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Wednesday, August 17, 2016

Warbling Vireo, Swainson's Thrush and Tree Swallow at Lake St. Clair

[Lake St. Clair Metropark. May 2016]

Warble Me Your Song Sublime
Warble loud and warble long
Warble me your unending song 
Warble sweet notes that ward off sorrow 
Warble sublime like there is no tomorrow!

This poem may appear, at first, to be a North American Wood Warbler's credo but it is equally, if not more, applicable to a very special Vireo -- specifically, the Warbling Vireo. 

With melodic indefatigability that would put any tenor's operatic stamina to shame, the Warbling Vireo belts out long, complex musical notes with such energy and gusto that no other songbird perhaps quite possesses more warbling decibels per ounce!

A Spring visit to the fabled hotspot that is Lake St. Clair offered unprecedented views of Warbling Vireo as well as other species such as:
  • Red-winged Blackbird
  • Tree Swallow
  • Swainson's Thrush
  • American Redstart
  • Sora
  • Great Blue Heron
  • Song Sparrow
We start with the vireo:

Vireo's generally display some green but Warbling Vireo is fairly subdued when it comes to color; eking out at most some yellow and buffy smudges on a mostly pale and grey body. 

However, this drab vireo is an extremely accomplished songster and is capable of transfixing the observer with its spell-binding musical cascades.

Red-winged Blackbird, in comparison, is not as vocally gifted -- and, it would be cruel but not dishonest to label its "song" as nothing short of a series of cacophonous croaks.

Tree Swallow is probably the only species of swallow that this blogger has managed to regularly capture whilst perched:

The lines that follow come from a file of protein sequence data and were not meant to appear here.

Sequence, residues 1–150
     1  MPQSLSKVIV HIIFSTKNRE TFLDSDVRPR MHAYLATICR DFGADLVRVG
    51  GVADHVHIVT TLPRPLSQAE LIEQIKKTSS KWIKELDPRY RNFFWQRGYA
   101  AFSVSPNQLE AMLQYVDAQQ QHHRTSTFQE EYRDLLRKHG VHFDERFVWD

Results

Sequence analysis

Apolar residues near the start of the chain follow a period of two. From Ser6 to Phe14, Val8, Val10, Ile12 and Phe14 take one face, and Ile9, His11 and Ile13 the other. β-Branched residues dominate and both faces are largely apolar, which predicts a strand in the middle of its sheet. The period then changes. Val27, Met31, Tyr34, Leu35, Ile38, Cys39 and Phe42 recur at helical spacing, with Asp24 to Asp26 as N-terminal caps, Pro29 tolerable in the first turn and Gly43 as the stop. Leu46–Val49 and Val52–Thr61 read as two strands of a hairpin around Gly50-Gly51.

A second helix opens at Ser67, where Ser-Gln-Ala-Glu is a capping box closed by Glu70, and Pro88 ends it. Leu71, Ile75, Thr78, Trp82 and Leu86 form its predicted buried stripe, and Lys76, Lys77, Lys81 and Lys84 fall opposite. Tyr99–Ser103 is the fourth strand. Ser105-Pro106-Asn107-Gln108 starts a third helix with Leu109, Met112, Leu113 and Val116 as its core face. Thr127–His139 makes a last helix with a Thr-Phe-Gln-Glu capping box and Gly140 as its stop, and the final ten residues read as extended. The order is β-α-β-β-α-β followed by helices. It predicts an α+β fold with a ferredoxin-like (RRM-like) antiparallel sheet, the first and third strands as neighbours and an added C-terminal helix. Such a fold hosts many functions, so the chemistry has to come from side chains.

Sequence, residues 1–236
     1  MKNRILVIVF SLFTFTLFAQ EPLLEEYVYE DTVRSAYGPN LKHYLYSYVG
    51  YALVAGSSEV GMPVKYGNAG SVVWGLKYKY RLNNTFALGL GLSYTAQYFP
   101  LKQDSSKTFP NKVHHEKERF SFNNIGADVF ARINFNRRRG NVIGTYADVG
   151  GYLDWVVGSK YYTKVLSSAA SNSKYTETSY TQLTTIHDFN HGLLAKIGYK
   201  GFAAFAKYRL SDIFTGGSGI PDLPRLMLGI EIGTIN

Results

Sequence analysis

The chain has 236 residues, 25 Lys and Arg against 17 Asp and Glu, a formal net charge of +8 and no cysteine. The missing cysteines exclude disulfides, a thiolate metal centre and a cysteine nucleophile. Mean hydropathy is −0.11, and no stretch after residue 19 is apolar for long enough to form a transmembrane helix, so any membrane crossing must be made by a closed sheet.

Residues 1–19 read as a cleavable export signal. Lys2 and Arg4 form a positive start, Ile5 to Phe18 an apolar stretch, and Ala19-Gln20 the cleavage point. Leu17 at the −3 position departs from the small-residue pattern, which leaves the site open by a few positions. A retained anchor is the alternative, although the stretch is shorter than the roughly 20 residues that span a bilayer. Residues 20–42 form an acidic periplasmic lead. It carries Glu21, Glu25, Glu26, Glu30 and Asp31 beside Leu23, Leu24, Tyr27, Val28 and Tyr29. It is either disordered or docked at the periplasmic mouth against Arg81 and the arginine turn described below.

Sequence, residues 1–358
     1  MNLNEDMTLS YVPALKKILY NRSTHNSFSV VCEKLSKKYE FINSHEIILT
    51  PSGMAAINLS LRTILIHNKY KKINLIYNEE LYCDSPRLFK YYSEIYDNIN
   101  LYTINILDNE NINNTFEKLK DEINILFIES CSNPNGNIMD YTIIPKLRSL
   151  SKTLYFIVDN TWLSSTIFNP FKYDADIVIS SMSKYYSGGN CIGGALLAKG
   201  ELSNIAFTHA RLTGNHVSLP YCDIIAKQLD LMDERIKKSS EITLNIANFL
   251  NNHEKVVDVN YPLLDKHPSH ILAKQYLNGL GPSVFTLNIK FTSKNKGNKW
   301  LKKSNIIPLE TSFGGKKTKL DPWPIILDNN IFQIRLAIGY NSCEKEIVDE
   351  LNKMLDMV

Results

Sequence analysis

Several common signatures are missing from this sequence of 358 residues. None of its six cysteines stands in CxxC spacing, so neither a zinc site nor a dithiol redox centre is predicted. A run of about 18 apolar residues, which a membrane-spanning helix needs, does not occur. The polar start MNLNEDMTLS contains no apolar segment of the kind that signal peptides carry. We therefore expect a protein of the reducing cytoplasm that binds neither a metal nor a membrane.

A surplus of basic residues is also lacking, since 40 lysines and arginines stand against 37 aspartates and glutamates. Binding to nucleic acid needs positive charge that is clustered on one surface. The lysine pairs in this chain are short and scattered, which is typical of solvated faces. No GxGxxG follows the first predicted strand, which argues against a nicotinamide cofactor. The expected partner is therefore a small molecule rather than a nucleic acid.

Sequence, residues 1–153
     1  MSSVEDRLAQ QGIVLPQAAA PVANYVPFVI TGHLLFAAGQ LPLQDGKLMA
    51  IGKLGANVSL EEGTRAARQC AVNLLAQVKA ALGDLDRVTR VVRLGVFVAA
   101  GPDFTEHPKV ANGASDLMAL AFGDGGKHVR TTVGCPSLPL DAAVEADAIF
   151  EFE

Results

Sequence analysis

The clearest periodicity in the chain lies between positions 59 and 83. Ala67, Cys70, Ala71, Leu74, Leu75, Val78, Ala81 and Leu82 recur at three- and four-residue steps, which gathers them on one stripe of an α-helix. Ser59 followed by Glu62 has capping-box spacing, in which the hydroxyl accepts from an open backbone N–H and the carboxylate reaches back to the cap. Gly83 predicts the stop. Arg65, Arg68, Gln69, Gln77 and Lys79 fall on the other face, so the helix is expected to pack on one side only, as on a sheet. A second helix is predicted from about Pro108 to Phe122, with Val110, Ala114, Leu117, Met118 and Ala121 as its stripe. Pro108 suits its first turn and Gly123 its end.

The only other perched swallow in this blog is probably Violet-Green Swallow seen in Oregon.

Swainson's Thrush can be distinguished from Hermit Thrush by its buffy spectacles and lack of rusty tail:

While not comparable to the legendary Magee Marsh migration hotspot, nevertheless, Lake St. Clair is a respectable migrant trap as this American Redstart proved:

Other species observed included Sora:

Great Blue Heron:

And, Song Sparrow:

"Bird Watching" is a term that is both inaccurate and anachronistic -- it is a multi-sensory activity that involves hearing as much as seeing -- i.e., involving both aural and visual observation. And, when it comes to visual observation, more and more birders are replacing or complementing their binoculars with digital cameras for photo-documentation and for post-observance id confirmation.

Thus, "Birding" as a pursuit, rewards the participant at many levels with the gifts of avian observation -- and, the species profiled here, especially the Warbling Vireo, are a testament to this truth.


Bob Pelkey said...

I can't recall the last article you've published that didn't lead to a further investigation of a bird species' call or song. The voice of the Warbling Vireo certainly makes up for its relatively drab appearance. The Violet-green Swallow in your Oregon link is stunning, however the Tree Swallow is found much more appealing personally. Your photography of the latter is outstanding.

Digital Plume Hunter said...

Thanks Bob! The Tree Swallows were presumably inspecting potential nesting sites and I got lucky in finding one perched -- the lighting was just right!